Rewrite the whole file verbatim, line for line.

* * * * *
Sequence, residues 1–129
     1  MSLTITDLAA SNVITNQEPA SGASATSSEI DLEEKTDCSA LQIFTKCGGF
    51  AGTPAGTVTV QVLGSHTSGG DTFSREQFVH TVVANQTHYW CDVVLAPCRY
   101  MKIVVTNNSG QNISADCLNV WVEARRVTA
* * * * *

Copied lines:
Sequence, residues 1–129
     1  MSLTITDLAA SNVITNQEPA SGASATSSEI DLEEKTDCSA LQIFTKCGGF
    51  AGTPAGTVTV QVLGSHTSGG DTFSREQFVH TVVANQTHYW CDVVLAPCRY
   101  MKIVVTNNSG QNISADCLNV WVEARRVTA